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Topographic surveying
- George Papastamos,

“After a first project for site planning and volume calculations, the company is now contracted to do regular follow up flights to map the work progress.”

More and more geospatial professionals are including remote sensing and aerial photography using unmanned aircraft systems (UAS) in the services they offer. The interest in using UAS is growing fast and companies see advantages over traditional photogrammetry or terrestrial surveys for many applications. Geosophy, a surveying company in Greece, is one such company.

Geosophy, owned by George Papastamos, purchased the Gatewing X100 fixed-wing UAS in early 2012 and attended a 4-day theoretic and practical training at the Gatewing office in Gent, Belgium. Their interest in the Gatewing X100 was for performing rapid aerial surveys regularly during the course of construction projects. Over the last year, Geosophy has been awarded contracts with the major road constructing companies in Greece, Macedonia, Serbia and other Balkan countries to do regular surveys. “When we arrive at a construction site for the first time, there still is some doubt on what we are doing. But as soon as the end results are presented, people are speechless” says George. Several of Geosophy’s projects are highlighted in this User Experience to summarize how their organization has benefited from incorporating UAS technology for  “After a first project for site planning and volume calculations, the company is now contracted to do regular follow up flights to map the work progress.” (George Papastamos) ! construction site monitoring and road construction surveys.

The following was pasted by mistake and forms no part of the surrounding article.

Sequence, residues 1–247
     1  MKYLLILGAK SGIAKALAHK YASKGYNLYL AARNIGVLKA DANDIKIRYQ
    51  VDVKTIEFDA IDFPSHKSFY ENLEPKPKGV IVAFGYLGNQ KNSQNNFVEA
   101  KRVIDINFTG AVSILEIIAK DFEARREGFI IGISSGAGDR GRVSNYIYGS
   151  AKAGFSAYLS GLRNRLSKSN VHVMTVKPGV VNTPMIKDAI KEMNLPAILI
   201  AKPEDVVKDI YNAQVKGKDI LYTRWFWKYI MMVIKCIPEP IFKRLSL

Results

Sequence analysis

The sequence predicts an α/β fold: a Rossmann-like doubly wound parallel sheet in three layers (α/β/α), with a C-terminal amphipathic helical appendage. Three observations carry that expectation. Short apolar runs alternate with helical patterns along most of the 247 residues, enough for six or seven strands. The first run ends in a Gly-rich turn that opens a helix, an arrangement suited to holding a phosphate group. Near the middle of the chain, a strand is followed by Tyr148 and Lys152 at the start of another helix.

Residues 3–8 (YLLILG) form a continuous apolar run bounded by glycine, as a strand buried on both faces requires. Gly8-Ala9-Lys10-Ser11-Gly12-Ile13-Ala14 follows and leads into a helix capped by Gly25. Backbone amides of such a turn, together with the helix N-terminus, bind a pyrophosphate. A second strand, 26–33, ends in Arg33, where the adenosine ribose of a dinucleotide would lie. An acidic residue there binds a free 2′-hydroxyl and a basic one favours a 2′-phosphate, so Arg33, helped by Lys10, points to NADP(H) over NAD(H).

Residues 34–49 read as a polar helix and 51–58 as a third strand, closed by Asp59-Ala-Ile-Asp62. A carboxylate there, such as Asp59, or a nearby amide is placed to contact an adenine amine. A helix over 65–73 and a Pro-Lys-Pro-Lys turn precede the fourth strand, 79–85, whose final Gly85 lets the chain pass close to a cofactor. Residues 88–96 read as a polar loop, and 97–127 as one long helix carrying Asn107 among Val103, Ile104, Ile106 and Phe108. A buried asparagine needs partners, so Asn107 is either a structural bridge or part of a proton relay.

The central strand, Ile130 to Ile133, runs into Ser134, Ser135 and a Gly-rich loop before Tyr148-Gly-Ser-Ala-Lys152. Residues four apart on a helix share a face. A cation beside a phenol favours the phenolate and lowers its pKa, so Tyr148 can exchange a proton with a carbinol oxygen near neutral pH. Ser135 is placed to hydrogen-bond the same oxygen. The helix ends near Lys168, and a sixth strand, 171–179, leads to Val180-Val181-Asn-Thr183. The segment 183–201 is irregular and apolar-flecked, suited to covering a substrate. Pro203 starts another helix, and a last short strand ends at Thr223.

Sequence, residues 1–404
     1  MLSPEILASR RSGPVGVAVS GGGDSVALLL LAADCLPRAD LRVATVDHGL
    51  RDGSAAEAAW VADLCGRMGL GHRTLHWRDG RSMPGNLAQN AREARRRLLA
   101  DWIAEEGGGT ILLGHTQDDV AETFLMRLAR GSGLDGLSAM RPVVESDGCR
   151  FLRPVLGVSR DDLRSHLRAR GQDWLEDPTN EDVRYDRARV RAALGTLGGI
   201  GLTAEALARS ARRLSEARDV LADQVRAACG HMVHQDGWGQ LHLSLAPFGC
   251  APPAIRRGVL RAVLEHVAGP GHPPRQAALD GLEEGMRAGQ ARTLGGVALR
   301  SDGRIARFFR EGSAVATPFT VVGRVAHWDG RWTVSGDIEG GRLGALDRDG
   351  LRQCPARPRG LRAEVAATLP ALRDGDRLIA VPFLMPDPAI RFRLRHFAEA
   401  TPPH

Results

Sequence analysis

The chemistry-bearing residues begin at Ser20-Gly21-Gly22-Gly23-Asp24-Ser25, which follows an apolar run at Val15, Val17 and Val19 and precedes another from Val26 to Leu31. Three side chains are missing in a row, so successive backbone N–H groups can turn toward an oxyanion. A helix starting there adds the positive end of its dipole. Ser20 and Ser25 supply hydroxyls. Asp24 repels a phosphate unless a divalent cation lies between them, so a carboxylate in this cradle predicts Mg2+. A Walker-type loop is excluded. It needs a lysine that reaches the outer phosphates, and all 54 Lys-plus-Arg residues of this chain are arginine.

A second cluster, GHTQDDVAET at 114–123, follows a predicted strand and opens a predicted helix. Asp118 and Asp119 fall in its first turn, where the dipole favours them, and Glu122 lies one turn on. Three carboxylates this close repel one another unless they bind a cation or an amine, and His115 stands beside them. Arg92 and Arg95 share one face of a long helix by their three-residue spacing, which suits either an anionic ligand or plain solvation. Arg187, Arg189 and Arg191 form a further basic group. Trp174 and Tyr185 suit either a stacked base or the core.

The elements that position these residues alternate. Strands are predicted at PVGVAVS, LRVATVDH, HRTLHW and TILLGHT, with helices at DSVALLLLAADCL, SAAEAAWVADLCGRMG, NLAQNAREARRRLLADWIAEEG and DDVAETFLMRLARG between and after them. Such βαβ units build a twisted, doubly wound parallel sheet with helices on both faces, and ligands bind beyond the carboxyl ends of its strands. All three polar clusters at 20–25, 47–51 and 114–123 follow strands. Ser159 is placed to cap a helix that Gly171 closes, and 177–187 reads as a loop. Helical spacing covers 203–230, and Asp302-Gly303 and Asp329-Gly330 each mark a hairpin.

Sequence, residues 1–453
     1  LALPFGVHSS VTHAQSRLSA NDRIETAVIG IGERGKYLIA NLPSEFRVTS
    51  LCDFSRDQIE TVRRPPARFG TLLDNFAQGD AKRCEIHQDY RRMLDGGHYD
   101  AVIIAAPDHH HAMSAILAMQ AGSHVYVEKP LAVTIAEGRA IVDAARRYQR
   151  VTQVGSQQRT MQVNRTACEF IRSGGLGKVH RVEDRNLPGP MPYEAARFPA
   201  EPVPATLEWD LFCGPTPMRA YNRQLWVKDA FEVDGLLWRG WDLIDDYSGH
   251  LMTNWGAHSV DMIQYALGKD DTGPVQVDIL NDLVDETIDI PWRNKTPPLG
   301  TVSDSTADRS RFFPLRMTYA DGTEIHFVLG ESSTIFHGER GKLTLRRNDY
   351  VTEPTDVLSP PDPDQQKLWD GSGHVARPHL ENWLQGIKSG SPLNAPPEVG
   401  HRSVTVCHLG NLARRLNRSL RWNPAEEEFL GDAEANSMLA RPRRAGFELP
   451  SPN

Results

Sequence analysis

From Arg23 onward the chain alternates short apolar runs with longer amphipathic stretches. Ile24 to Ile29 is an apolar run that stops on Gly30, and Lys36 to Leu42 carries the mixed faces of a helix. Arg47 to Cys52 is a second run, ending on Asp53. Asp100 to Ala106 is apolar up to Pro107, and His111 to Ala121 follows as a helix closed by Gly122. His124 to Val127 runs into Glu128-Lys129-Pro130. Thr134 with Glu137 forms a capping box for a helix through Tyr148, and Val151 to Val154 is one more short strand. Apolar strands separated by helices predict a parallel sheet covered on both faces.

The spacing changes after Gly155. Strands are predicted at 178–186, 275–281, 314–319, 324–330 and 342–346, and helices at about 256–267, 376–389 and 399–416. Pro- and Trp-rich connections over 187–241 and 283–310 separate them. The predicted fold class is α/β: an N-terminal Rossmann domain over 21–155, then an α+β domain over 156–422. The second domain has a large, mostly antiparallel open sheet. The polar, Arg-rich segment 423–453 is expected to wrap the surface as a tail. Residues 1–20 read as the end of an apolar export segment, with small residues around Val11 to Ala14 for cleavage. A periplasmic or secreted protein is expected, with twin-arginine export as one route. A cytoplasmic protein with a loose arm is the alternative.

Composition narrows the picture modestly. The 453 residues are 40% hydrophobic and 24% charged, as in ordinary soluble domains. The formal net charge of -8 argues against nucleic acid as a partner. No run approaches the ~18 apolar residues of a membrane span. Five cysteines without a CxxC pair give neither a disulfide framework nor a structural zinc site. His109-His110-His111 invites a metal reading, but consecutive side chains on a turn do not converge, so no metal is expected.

Site Construction

Geosophy has used the Gatewing X100 for construction site planning and monitoring. Two such examples of this type of use are projects from Bulgaria and Greece. The project in Greece is a gold mine in which Geosophy flew the X100 at a height of 350 meters to generate a digital surface model (DSM) to be used for excavation coordination and planning of the haul roads.

Site planning: Greece
  • Number of flights: 1
  • Flight altitude: 350 m
  • Pictures 236
  • Total area coverage: 1/5 km2
  • Acquisition time: 30 minutes
  • Processing time: 24 minutes
  • GSD: 11.7 cm/px


The project in Bulgaria was the construction of a new waste treatment facility. Geosophy flew the X100 at only 100 meters in order to generate a highly detailed orthomosaic and DSM for construction logistic coordination, calculating earthwork volumes, crane placement, and the delivery of construction materials. Geosophy continues to conduct regularly scheduled flights and provide new orthomosaics and DSMs to monitor the progress of work.

Site planning: Bulgaria
  • Number of flights: 1
  • Flight altitude: 100 m
  • Pictures 716
  • Total area coverage: 0.64 km2
  • Acquisition time: 30 minutes
  • Processing time: 38 minutes
  • GSD: 3.3 cm/px

 Image: Orthomosaic of construction site in Bulgaria

Road Construction